WASHINGTON, Aug. 24, 2015 (GLOBE NEWSWIRE) -- In one month, hundreds of thousands of volunteers around the world will gather to clean up their favorite beaches, lakes and rivers. The International Coastal Cleanup will celebrate its 30th anniversary on Saturday, September 19, and events are planned from Ecuador to India, Belgium to South Africa.
The International Coastal Cleanup has grown exponentially over the past three decades. All told, it has mobilized more than 10 million people in 150 countries, with over 500,000 joining last year to pick up trash on foot, in boats, and by SCUBA. Each piece of trash is carefully documented, helping Ocean Conservancy identify where trash is coming, and track the problem over time to inform upstream solutions.
"Ocean trash is not a new problem, but it is certainly a growing one," said Nicholas Mallos, Director of Ocean Conservancy's Trash Free Seas program. "Fortunately, the scale of the effort to address it through cleanups, waste management, and smarter policies is growing as well. In order to turn the tide, we have to address plastic pollution at every point in its lifecycle, and that is exactly what Ocean Conservancy is trying to do, informed in large part by the information International Coastal Cleanup volunteers provide."
The body of data collected over 30 years by International Coastal Cleanup volunteers has helped to shape state and federal trash policies, and informed the recent burst in scientific research on marine debris. It also guides to Ocean Conservancy's work with industry, science and conservation leaders through the Trash Free Seas Alliance®.
In 1987 Ocean Conservancy published one of the first studies to identify plastics as a significant threat in the ocean, Plastics in the Ocean: More than a Litter Problem. That report helped illustrate the problem for the US Congress, which soon enforced restrictions against dumping plastic trash at sea by adopting Annex V of the International Convention for the Prevention of Pollution from Ships. More recently, Cleanup data informed passage of the 2006 Marine Debris Research, Reduction, and Prevention Act, as well as California's state marine debris action plan.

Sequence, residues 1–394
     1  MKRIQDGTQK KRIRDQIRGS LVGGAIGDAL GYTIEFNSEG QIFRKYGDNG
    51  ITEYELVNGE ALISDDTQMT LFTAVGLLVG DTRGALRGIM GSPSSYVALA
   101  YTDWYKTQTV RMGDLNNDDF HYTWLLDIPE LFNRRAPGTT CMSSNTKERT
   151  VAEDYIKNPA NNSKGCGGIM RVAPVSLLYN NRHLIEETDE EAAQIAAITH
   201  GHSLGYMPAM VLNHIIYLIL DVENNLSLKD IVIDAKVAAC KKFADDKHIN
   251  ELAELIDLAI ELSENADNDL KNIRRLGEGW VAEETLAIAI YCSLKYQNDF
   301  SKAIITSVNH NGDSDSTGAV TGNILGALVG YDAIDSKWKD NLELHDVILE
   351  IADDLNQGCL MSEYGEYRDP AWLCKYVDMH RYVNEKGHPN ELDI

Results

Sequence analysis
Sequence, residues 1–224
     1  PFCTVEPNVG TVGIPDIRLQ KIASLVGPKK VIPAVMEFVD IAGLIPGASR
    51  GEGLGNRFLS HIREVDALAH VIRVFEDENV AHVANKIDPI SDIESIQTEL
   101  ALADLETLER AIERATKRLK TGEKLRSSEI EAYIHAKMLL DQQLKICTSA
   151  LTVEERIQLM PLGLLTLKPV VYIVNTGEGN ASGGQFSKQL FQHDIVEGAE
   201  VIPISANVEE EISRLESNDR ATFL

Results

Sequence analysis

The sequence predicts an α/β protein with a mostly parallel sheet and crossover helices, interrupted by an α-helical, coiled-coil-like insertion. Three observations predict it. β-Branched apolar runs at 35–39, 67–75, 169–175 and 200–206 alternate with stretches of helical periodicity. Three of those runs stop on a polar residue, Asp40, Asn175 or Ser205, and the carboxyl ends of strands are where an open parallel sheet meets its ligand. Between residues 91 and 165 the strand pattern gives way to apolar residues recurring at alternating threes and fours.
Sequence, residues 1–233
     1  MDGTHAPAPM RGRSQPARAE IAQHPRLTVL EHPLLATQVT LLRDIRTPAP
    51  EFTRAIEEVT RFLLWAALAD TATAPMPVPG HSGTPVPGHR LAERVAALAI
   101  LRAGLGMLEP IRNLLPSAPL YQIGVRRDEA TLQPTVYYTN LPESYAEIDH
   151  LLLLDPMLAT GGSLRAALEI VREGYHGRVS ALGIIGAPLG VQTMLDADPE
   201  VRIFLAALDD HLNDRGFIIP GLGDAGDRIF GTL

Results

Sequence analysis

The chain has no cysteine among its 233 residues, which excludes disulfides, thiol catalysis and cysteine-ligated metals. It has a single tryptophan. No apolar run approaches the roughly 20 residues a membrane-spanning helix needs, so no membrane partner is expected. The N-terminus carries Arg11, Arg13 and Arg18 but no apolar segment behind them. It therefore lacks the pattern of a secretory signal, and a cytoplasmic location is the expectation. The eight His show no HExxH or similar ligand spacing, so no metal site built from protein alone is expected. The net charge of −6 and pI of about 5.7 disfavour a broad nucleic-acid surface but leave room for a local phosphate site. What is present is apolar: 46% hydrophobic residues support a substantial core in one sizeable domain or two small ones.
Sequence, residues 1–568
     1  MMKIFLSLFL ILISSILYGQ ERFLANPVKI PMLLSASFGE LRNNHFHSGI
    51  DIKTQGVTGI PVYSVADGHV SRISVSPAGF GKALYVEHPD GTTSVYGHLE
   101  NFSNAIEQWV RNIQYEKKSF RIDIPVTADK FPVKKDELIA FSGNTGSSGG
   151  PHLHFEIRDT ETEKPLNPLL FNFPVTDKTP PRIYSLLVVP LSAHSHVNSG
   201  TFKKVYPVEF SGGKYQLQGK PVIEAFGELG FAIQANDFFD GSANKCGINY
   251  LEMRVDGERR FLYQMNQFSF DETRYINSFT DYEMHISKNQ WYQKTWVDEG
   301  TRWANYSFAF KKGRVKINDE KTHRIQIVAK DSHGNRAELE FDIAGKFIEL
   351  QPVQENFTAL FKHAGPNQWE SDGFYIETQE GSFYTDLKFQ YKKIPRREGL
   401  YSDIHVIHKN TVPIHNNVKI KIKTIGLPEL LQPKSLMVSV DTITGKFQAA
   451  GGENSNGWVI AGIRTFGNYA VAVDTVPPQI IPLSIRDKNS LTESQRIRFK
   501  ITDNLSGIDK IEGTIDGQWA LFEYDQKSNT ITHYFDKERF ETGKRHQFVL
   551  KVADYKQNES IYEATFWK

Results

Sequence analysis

To find a cleanup near you, go to www.signuptocleanup.org
The 2015 International Coastal Cleanup, by the numbers:
- 561,895 people picked up 16,186,859 pounds of trash along nearly 13,360 miles of coastlines.
- Volunteers found:
- More than 2 million cigarette butts, 1.3 million food wrappers, nearly a million plastic bottles and bottle caps, and nearly a million plastic bags.
- One plastic dinosaur, eight bowling balls, five rubber ducks, and 26 barbecues.
The Coca-Cola Company has supported Ocean Conservancy's International Coastal Cleanup for the past 20 years. Last year, Coca-Cola activated a global employee engagement campaign to encourage participation in the Cleanup. Over 7,000 Coca-Cola system associates, their friends and families volunteered, with more than 150,000 pounds of litter collected. As part of its commitment to address global climate change, Bank of America has supported the Cleanup since 2002, with thousands of employees participating in Cleanup events all around the world. Other national sponsors include National Oceanic and Atmospheric Administration, Hollomon Price Foundation, Altria Group, Inc., The Dow Chemical Company, Glad and Brunswick Public Foundation.
Ocean Conservancy is working with you to protect the ocean from today's greatest global challenges. Together, we create science-based solutions for a healthy ocean and the wildlife and communities that depend on it. For more information, visit www.oceanconservancy.org, or follow us on Facebook, Twitter or Instagram
CONTACT: Ryan Ono, Ocean Conservancy 202-351-0470 email@example.comSource:Ocean Conservancy